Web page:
AIR DEFENSE BALLISTIC MISSILE DEFENSE CIVIL DEFENSE
THIRD QUARTER ASDA NEWSLETTER 2009
AMERICAN STRATEGIC DEFENSE ASSOCIATION
Herman Kahn once said: “I’m against sloppy, emotional thinking. I’m against fashion-able thinking. I am against the whole cliché of the moment.” Those of us who were lucky enough to know Herman in ASDA in the 60’s and 70’s—he died of a heart attack in 1983—found him to be the most exciting thinker of our acquaintance. Within a few years of his death, the Cold War was over and no one turned the pages of On Thermonuclear War any more. Occasionally I would go back to Thinking about the Unthinkable, but I really looked forward to some clever fellow packaging Herman’s best efforts in a convenient form. Back in 2005 I thought I’d found it when I saw an ad for The Worlds of Herman Kahn published by the Harvard University Press. After all, university presses are supposed to publish scholarly manuscripts, aren’t they? Not this time. The lady author had been brainwashed by the movie, Dr. Strangelove, believed no one could be a serious student of nuclear war, avoided presenting any Kahnian arguments and presented Herman as a stand-up comic, a complete caricature of the real Herman.
At last I have found exactly what I was looking for: The Essential Herman Kahn by Paul Aligica and Kenneth Weinstein. These noble fellows from Herman’s Hudson Institute have done a magnificent editing job of selecting Herman at his best and organizing it in a useful way, not just the nuclear war stuff but the breakthrough ideas and methodology of globalization, cultural change and futurology. And the picture on the cover of the paperback edition is worth the $26.95 the entire book cost me at Amazon.com. It destroys all caricatures.
Why did Obama kill Bush’s missile defense installations in eastern Europe? In mid-September, the president announced that he was abandoning the Bush administration plans for missile defense facilities in the former Warsaw Pact nations of Poland and the Czech Republic, facilities designed to interfere with Iranian missile attacks on Europe and the US. The Russians loathed the idea of a US operational system based on its former turf and had told Obama the plan stood in the way of improved relations. Everyone assumed this was the reason for canceling the plan but Obama said he was doing it as a realistic adjustment to Iran’s actual missile capabilities. He offered a sea-based and land-based missile defense system aimed at protecting Europe from Iran’s short and medium-range missiles, insisting Iran would not have intercontinental missiles until 2020.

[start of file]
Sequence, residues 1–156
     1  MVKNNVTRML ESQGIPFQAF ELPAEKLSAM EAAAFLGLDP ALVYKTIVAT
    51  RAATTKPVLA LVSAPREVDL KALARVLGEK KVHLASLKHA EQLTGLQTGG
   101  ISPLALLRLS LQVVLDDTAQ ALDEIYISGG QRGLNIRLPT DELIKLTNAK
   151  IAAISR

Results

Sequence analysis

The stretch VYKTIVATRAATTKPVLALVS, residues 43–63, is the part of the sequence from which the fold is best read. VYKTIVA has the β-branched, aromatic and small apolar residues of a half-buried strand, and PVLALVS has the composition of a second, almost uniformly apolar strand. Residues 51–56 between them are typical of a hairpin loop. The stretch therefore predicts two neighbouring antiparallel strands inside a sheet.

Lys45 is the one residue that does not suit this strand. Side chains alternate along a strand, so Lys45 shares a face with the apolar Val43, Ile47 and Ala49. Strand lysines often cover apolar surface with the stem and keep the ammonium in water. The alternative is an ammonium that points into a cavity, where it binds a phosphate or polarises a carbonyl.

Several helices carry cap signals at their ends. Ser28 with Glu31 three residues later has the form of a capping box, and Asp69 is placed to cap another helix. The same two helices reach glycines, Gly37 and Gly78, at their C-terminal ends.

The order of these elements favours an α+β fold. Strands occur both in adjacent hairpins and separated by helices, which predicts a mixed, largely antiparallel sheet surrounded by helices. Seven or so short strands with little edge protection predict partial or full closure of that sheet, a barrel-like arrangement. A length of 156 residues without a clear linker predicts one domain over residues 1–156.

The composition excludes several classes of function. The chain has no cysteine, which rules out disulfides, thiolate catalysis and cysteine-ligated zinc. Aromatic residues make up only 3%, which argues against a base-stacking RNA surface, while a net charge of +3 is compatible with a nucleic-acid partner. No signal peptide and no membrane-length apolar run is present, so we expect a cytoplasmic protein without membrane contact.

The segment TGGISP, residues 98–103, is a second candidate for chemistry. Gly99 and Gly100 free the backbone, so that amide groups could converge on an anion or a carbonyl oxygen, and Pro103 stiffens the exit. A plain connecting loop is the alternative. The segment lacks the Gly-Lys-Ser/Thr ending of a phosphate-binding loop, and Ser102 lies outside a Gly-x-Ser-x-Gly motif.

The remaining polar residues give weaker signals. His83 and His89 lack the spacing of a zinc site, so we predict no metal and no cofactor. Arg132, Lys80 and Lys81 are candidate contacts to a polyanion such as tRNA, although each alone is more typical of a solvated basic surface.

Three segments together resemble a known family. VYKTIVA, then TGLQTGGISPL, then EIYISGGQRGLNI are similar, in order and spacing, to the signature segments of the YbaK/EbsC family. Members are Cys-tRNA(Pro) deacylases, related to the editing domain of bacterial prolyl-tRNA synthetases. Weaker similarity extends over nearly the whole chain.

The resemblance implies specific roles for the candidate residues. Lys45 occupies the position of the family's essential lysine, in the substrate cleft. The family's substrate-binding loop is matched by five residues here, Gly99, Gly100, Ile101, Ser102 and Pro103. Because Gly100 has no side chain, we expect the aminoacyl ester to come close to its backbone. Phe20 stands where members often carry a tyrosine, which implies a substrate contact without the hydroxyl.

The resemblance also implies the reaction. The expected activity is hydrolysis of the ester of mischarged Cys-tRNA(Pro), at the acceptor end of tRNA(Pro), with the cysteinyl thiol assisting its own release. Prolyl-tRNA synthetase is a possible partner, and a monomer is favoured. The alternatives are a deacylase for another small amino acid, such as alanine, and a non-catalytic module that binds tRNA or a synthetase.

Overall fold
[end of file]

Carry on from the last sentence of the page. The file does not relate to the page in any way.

The official explanation was not taken very seriously by the chattering classes. Placating the Russians was too obvious and there was little detail about the substitute system, which would presumably involve the Aegis cruisers that had been modified for missile defense purposes. Critics had a field day. Rich Lowry in National Review Online said the truth is our gutless president has caved to Russian bullying without getting anything tangible in return. Jamie Fly in The Weekly Standard said perhaps Obama thinks that if we appease Putin’s thugs, Russia might support the West’s efforts to halt Iran’s nuclear ambitions. “More likely, Iran, Russia, and a watching world will see this for what it is: a colossal sign of US weakness.” All this hue and cry could be a bit premature. Russia very well may not improve relations by joining in the pressure on Iran but the missile defense facilities in Poland and the Czech Republic haven’t yet been built. Nothing has been torn down. All Obama has to do in the face of Russian intransigence is to make it known that the intrusive facilities are back in the plans.